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Jessica Au: a note on Cold Enough for Snow
Often, for a work to have a sense of ‘aliveness’, writing it has to be just as much a process of discovery for the author as for the reader. While working on Cold Enough for Snow, I suppose I was thinking about several things, and trying to conceive of a form – the simplest possible – where many, or all, could be held to be true at once. One of these was the relationship between life and art: what it means to want to see the world as an artist without necessarily being one, and the strange, ouroboros-like connection between the two (art trying to depict life, and us trying to understand life through art). I liked too the triangular, ekphrastic quality of this – how we can sometimes only see things clearly through a third thing or object. It is through travelling in Japan that the narrator is able to think about her and her mother’s relationship to family and memory, and of the individual, or two individuals, in time and history. I wanted here to convey something about the nature of migration across generations, and how it is an ongoing process of fragmentation, forgetting, rediscovery and nostalgia, which is both a lack and a boon. Finally, it is, I suppose, also a novel about the relationship between language and the inner world – how difficult it is to speak truly, to know and be known by another. At the same time, there is so much power and friction in the unsaid, especially between a mother and daughter. I thought of the whole book as a kind of dialogue between them, and was keeping in my mind the kind of literature, and perhaps also languages such as Chinese or Japanese, where little might be explicitly said, and much inferred.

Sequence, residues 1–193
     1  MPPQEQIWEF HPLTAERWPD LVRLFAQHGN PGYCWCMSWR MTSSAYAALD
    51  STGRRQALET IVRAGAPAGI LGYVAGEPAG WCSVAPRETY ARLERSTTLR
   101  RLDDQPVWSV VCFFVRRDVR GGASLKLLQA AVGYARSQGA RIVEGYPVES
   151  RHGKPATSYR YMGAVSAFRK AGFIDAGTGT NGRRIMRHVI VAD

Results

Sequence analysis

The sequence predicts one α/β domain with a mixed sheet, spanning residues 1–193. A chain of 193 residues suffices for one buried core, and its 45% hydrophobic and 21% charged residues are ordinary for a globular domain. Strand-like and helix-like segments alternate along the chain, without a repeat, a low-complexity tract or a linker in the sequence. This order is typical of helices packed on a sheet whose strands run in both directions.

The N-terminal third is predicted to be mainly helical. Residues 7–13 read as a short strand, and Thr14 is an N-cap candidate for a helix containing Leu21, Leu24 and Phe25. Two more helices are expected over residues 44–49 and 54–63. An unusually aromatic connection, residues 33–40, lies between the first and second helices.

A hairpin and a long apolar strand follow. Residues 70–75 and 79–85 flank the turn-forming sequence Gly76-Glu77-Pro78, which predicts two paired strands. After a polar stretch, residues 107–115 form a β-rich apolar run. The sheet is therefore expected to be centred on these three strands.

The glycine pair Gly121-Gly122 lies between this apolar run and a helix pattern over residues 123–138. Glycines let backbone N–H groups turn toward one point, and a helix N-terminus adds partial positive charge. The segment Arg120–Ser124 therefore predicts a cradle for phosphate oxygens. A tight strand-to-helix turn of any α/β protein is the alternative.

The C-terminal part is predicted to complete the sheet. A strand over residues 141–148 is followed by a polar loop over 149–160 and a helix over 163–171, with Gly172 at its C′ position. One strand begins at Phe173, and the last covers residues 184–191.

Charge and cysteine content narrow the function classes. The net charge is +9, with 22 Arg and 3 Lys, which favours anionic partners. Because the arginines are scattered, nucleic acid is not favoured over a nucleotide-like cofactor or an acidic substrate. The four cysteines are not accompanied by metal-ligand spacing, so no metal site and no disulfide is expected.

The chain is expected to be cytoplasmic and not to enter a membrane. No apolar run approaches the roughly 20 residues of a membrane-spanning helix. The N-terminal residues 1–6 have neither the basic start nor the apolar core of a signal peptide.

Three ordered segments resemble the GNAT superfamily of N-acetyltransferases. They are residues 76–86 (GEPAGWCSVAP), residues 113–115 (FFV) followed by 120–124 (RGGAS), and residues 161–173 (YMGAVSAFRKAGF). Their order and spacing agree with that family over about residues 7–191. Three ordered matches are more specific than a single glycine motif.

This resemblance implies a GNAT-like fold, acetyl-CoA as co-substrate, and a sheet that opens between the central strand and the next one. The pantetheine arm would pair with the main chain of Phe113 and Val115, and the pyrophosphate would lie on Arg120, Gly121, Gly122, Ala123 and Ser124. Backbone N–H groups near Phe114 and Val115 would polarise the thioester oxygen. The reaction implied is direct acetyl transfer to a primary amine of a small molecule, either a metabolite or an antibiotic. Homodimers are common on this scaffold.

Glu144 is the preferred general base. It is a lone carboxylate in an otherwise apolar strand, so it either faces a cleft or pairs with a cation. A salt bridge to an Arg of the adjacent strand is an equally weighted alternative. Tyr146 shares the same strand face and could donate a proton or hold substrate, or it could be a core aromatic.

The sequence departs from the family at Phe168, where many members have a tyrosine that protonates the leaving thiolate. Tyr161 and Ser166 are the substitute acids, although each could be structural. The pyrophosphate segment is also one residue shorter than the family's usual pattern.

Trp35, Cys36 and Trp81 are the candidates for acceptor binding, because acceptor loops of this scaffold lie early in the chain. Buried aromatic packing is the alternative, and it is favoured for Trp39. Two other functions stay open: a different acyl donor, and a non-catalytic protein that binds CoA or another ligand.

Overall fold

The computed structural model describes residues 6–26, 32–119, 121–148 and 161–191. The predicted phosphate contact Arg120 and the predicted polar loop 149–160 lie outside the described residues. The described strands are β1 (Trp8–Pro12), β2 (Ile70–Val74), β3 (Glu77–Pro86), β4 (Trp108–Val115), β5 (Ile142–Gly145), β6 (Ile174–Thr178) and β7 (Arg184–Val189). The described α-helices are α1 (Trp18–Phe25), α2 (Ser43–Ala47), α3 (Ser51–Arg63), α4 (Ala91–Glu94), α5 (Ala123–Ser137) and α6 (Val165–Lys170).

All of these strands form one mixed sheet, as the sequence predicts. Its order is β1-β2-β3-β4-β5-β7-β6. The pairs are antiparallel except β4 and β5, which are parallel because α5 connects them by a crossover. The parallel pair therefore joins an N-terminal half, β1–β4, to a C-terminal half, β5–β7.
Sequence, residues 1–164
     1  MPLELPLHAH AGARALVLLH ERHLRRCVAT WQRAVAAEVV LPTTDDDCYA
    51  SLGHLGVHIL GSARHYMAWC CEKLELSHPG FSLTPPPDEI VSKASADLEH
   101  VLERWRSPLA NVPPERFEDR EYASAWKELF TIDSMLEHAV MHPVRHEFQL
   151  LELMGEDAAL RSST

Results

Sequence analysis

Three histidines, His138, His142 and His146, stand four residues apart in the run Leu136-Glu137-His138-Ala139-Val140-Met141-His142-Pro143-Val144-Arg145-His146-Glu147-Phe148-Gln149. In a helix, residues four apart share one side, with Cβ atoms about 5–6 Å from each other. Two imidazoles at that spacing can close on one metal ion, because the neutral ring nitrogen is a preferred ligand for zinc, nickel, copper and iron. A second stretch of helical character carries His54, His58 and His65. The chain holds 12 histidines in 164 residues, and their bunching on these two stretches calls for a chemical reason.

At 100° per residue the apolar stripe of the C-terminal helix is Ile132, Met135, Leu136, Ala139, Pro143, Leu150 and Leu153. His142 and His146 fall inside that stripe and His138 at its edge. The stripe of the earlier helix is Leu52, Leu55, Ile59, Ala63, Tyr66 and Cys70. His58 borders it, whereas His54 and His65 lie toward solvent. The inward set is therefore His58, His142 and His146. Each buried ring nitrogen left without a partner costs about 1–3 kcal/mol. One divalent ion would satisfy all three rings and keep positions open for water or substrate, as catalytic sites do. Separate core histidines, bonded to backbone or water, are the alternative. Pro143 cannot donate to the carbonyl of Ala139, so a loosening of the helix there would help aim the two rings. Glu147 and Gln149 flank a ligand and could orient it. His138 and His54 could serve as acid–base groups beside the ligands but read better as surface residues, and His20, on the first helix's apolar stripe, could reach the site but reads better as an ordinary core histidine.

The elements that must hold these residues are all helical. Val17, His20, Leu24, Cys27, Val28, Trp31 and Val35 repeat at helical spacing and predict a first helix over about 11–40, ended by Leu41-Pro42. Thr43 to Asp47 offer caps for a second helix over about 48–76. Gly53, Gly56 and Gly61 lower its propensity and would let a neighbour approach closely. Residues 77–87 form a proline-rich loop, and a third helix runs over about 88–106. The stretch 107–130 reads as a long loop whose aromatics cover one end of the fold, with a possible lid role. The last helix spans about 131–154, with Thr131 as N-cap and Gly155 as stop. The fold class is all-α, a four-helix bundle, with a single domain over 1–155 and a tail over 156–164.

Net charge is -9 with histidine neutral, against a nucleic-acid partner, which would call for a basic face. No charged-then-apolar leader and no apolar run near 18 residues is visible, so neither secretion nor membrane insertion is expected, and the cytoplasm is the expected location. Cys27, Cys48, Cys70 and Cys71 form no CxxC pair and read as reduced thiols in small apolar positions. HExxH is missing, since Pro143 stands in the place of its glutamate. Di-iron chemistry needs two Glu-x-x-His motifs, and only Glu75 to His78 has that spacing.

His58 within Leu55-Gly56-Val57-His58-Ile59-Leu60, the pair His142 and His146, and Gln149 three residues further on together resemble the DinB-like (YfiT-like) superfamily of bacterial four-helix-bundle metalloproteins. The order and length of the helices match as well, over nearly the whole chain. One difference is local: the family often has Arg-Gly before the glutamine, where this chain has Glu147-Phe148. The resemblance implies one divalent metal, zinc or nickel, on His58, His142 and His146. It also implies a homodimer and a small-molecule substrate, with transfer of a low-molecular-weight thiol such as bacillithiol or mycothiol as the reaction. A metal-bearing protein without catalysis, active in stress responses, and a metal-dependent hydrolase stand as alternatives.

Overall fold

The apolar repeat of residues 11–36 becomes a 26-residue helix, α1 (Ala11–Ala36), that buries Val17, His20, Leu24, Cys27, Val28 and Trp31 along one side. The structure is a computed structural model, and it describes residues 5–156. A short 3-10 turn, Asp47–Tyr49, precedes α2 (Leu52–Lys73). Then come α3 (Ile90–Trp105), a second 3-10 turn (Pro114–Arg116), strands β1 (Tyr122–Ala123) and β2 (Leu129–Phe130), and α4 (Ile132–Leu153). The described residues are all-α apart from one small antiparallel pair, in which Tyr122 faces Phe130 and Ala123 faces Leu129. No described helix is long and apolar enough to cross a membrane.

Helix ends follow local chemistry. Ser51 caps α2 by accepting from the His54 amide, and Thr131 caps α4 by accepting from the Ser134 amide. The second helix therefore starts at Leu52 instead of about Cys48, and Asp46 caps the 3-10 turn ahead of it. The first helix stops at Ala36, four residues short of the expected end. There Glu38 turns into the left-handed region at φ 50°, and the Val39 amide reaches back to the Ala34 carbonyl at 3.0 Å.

— Jessica Au